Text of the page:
Gilles Muller Rafa Nadal Wimbledon 2017

Top 20 Wimbledon Classics Since 2000: Gilles Müller vs Rafa Nadal, fourth round, 2017

The All England Club has witnessed some tremendous battles during the Wimbledon fortnight, and with the dawn of a new decade, now seems like a good time to cast our gaze back over those familiar manicured lawns and review the best encounters in recent memory.


Here tennishead contributor Ronnie McCluskey helps to relive a classic men’s Wimbledon match from the 21st century.

Gilles Müller vs Rafa Nadal, fourth round, 2017

Unfancied Gilles Müller had eliminated a 19-year-old Nadal in the second round of Wimbledon 2005, but few would’ve expected him to repeat the feat twelve years later. After all, the lefties had met three times since – including once at Wimbledon 2011 – and Nadal had won each convincingly.

Here, the 34-year-old tapped into the kind of inspired form that would make him a match for anyone: moving gracefully, testing Nadal’s defence with clean shots advancing deep into the court, he hit twice as many winners in the first set to go 6-4 up. An exhilarating second set then went with serve until Müller broke at 4-4, subsequently sealing a healthy lead with a ripped forehand up the line.

Ever the human backboard, Nadal was playing well yet struggling to impose himself against Müller’s effective serve-volleying and rhythm changes. But he kept his eye in, altered his return position and seized a break early in the third, a forehand winner landing with shattering force as Müller could only watch. Amazingly, Nadal made just one unforced error in this set, perhaps realising he had to be this good to survive. He was similarly brilliant in the fourth, dominating off the serve and bringing up several break point opportunities, only one of which he needed to draw level.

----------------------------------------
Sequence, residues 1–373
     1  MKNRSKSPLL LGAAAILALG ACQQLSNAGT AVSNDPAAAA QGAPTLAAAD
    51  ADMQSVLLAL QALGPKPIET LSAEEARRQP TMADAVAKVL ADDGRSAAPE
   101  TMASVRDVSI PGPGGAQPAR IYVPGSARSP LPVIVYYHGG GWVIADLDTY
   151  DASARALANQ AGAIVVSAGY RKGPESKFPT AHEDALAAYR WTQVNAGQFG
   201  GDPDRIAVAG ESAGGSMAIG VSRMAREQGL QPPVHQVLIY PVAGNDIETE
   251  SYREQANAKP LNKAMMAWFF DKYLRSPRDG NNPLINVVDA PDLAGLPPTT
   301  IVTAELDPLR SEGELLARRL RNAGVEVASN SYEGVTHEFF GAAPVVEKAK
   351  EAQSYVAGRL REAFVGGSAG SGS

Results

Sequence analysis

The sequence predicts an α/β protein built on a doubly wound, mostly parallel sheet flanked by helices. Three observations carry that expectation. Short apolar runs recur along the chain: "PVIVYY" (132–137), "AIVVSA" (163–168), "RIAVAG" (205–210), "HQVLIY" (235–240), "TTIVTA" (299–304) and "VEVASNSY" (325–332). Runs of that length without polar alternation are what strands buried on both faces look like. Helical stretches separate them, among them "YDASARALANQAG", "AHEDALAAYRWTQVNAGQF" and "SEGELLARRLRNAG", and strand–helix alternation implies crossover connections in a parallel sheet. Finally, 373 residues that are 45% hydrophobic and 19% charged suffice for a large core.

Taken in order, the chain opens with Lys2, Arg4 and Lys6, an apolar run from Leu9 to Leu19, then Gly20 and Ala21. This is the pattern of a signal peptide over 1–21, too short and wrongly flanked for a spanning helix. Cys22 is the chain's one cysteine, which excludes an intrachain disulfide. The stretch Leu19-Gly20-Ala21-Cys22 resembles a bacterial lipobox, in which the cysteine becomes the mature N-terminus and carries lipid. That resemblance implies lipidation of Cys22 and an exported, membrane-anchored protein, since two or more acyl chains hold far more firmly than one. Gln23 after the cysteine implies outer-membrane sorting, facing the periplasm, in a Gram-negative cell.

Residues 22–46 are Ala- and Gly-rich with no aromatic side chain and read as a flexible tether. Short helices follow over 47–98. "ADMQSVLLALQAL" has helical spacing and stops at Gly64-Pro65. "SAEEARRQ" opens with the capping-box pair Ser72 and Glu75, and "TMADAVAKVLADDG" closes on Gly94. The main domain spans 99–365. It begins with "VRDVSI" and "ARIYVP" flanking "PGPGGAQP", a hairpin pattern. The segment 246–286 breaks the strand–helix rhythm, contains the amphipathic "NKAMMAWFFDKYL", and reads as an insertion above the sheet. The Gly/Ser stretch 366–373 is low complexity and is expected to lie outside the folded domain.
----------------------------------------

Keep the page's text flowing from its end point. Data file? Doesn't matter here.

The final set was an Odyssean struggle, one of the immortal Wimbledon dogfights. Müller had first bite at the cherry, bringing up two match points on Nadal’s serve at 5-4 – only for the Spaniard to execute two aces to fend him off. In total, each man created five break points in a set that unfolded over 135 minutes in the fading light: Müller saved all five he faced (including four in one game) while Nadal failed to save just one. After holding serve for 14-13, the underdog converted his fifth match point when Nadal thrashed a forehand long. Over the course of the match, Müller had landed 30 more winners than his opponent (99-69), including 16 more in the decider. In short, his nerve had paid off in the biggest way, as he concluded a memorable 6-3, 6-4, 3-6, 4-6, 15-13 upset.

Watch their Wimbledon 2017 fourth round again:

Tim Farthing, Tennishead Editorial Director & Owner, has been a huge tennis fan his whole life. He's a tennis journalist and entrepreneur as well as playing tennis to a national standard. He also helps manage his local club and volunteers for his local tennis organisation. He's a specialist in content about the administration of professional tennis and tennis coaching for all levels.